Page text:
Former Jail Inmate Describes Isolation, Despair While Awaiting Mental Evaluation

Sep 18, 2015

Brian Phillips spent 71 days in solitary confinement this summer. He was locked up in the Thurston County Jail near Olympia, Washington, after he went off his psychiatric medication and had several run-ins with police.

Phillips, 22, has a reddish chinstrap beard, wavy hair and the build of a former high school football player -- which he is. In fact, a football-related brain injury is what doctors say explains his mental health challenges.

Like a lot of inmates in his situation, Phillips had to wait weeks for a mental health evaluation. While he waited, the isolation took a toll.

'I didn’t think I was going to be there that long'

His time in jail began when he was booked on June 25.

“I was actually taking it pretty light-hearted because I didn’t think I was going to be there that long,” Phillips said.

But Phillips said his outlook quickly changed when he was placed in administrative segregation -- locked down 23 hours a day.

The jail’s commander wouldn’t discuss Phillips’ case specifically, citing confidentiality, but he said inmates with mental health issues who appear volatile or aggressive are often put in isolation -- at least initially.

Within hours of being jailed, Phillips flooded his cell. They shut off his water. That made him angry so he told the staff he was suicidal, even though he wasn’t.

“Whenever you say ‘I’m suicidal,’ even if you go right back and take that statement back, they still have to take you,” Phillips said.

Phillips said he was placed in a restraint chair to be moved to a suicide-watch cell. The jail’s commander said the restraint chair is used on a “limited basis” when an inmate presents an imminent threat.

After that, Phillips said they shackled his leg to the floor and put his hands in three sets of daisy-chained handcuffs. In anger, he broke the locks on one of the sets of handcuffs. He then brandished the pointed ends of the cuffs like weapons.

“They stacked up outside the cell and they opened it and they repeatedly told me to drop the weapon,” Phillips recalled.

He didn’t. So they tased him. When he didn’t go down, he said the deputies took him to the ground.

“They had their boots in my back and a couple on my head to keep me from moving.”

Twenty-three hours a day in lockdown

Phillips said none of this would have happened if he’d been on his medication. When he’s off it, he gets in trouble. That’s what landed him in jail in the first place. He had destroyed a car at his former high school two years earlier.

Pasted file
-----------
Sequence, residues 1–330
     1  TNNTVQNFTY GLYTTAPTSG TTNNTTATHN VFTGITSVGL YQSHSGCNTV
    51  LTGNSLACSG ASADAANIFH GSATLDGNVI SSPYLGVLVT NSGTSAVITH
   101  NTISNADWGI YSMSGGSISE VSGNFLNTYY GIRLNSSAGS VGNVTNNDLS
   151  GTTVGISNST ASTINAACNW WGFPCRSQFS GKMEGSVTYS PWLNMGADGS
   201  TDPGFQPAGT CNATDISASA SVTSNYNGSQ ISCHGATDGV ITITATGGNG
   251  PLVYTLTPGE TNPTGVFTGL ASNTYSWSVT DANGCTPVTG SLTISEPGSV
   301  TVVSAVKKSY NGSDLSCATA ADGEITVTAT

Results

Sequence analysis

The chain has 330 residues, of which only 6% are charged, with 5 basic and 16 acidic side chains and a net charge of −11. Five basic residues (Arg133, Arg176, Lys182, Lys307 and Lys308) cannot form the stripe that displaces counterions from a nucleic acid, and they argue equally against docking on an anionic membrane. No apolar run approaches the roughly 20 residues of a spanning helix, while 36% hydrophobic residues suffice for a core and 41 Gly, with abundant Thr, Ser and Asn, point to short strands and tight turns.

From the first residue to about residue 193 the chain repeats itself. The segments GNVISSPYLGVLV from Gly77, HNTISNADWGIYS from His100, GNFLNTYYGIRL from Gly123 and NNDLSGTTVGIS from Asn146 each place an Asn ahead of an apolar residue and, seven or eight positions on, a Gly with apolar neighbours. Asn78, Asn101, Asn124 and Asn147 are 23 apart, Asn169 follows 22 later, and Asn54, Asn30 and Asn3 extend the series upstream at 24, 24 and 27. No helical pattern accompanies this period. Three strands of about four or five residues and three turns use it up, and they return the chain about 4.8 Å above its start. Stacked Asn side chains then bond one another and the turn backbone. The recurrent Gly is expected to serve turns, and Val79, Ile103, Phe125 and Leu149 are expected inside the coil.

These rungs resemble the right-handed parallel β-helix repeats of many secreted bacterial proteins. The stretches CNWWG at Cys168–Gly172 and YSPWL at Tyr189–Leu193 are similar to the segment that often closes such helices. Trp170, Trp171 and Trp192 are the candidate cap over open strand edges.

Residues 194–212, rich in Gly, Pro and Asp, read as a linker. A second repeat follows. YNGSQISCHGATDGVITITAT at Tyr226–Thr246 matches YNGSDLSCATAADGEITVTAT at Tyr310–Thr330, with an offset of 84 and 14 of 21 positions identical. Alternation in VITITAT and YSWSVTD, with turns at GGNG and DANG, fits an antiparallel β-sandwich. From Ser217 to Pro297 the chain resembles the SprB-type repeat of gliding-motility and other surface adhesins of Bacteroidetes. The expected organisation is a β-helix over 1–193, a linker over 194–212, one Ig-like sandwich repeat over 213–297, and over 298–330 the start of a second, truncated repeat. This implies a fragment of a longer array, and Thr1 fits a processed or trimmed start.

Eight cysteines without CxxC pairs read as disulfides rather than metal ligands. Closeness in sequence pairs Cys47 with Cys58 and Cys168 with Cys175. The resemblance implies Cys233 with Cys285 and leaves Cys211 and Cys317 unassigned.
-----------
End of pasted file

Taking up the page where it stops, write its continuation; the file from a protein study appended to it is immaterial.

Staying on medication was a condition of his release. After the tasing incident, Phillips was put on suicide watch and then, when he was cleared, returned to administrative segregation.

What did he do for 23 hours a day in lockdown?

“I’d try to sleep as much as I could,” Phillips said. “And when I had a book I’d read as much as I could. And also just think.”

His one hour a day out sometimes came in the middle of the night. At first he was handcuffed during that time.

“I was handcuffed while I was showering,” Phillips said. “I was handcuffed after the shower while I was trying to get my clothes on.”

'It just didn’t seem like it was ever going to end'

On the outside, Phillips’ case was moving slowly. First there was a change in lawyers. Then it took nearly a month before a mental health evaluation was ordered to see if he was competent to stand trial.

In April, a federal judge in Seattle ruled long wait times for mentally ill jail inmates are unconstitutional. And the state is working to address the backlog.

As the days passed, the conditions took a toll. Phillips said at one point he did become suicidal.

“It just didn’t seem like it was ever going to end,” he said. “And in my opinion it would have been more humane for me to just die.”

He started thinking about ways to kill himself.

“You know bashing my head against the wall as hard as I could as many times as I could,” Phillips said.

Or, he thought, he could fight his jailers to the death.

“Planned to resist to the point where they would have to do something drastic to where it would eventually lead to my death,” he said.

“Generally speaking being in isolation is very damaging, especially for inmates who have mental health issues,” said Kimberly Mosolf, an attorney with Disability Rights Washington.

Mosolf said county jails commonly use solitary confinement to manage mentally ill inmates who pose a threat to themselves or others.

“From the correctional standpoint, that problem is solved,” she said. “From a human rights, legal rights, social conscience perspective that problem is not solved at all.”

An 'incompetent' system

In Phillips’ case, he was put back on suicide watch. He actually credited the jail staff for helping him through that period. He said they would talk with him about the love and support he had from family on the outside. He called them “amazing people” and acknowledges he wasn’t the easiest inmate to deal with.

But he’s withering in his evaluation of the intersection of criminal justice and mental health.

“It’s amazing how incompetent the system is,” Phillips said.

A state forensic evaluator finally came to see Phillips on his 53rd day in jail. By then he had voluntarily resumed taking his medication. When the evaluation came back a week later, he was deemed competent to stand trial.

On the Friday before Labor Day, the prosecutor agreed to Phillips’ conditional release from jail. By then, he’d been locked up for 71 days.